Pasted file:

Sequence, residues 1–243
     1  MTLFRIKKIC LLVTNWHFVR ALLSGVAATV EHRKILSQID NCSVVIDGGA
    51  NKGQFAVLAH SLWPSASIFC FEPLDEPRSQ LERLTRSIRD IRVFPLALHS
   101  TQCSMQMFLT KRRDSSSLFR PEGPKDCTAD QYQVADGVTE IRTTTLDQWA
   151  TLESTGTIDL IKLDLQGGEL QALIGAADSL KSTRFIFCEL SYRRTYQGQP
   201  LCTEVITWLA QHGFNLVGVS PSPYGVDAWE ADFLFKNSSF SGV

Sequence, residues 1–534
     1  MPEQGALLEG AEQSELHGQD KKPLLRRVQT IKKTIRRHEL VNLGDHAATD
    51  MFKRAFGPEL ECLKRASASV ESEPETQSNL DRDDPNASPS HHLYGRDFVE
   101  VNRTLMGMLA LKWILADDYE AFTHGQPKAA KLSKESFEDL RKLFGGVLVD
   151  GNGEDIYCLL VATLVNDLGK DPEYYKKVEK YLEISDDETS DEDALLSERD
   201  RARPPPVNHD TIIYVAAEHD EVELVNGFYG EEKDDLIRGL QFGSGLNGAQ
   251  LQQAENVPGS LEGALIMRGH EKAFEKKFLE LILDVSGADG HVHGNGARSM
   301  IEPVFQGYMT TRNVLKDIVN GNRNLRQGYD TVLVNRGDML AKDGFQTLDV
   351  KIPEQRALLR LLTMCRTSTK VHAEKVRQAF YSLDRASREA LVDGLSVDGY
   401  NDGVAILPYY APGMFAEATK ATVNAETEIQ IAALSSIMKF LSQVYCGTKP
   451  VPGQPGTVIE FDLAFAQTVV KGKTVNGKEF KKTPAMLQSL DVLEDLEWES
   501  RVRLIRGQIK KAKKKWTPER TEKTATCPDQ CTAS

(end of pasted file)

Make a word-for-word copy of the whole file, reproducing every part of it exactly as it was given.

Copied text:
Sequence, residues 1–243
     1  MTLFRIKKIC LLVTNWHFVR ALLSGVAATV EHRKILSQID NCSVVIDGGA
    51  NKGQFAVLAH SLWPSASIFC FEPLDEPRSQ LERLTRSIRD IRVFPLALHS
   101  TQCSMQMFLT KRRDSSSLFR PEGPKDCTAD QYQVADGVTE IRTTTLDQWA
   151  TLESTGTIDL IKLDLQGGEL QALIGAADSL KSTRFIFCEL SYRRTYQGQP
   201  LCTEVITWLA QHGFNLVGVS PSPYGVDAWE ADFLFKNSSF SGV

Sequence, residues 1–534
     1  MPEQGALLEG AEQSELHGQD KKPLLRRVQT IKKTIRRHEL VNLGDHAATD
    51  MFKRAFGPEL ECLKRASASV ESEPETQSNL DRDDPNASPS HHLYGRDFVE
   101  VNRTLMGMLA LKWILADDYE AFTHGQPKAA KLSKESFEDL RKLFGGVLVD
   151  GNGEDIYCLL VATLVNDLGK DPEYYKKVEK YLEISDDETS DEDALLSERD
   201  RARPPPVNHD TIIYVAAEHD EVELVNGFYG EEKDDLIRGL QFGSGLNGAQ
   251  LQQAENVPGS LEGALIMRGH EKAFEKKFLE LILDVSGADG HVHGNGARSM
   301  IEPVFQGYMT TRNVLKDIVN GNRNLRQGYD TVLVNRGDML AKDGFQTLDV
   351  KIPEQRALLR LLTMCRTSTK VHAEKVRQAF YSLDRASREA LVDGLSVDGY
   401  NDGVAILPYY APGMFAEATK ATVNAETEIQ IAALSSIMKF LSQVYCGTKP
   451  VPGQPGTVIE FDLAFAQTVV KGKTVNGKEF KKTPAMLQSL DVLEDLEWES
   501  RVRLIRGQIK KAKKKWTPER TEKTATCPDQ CTAS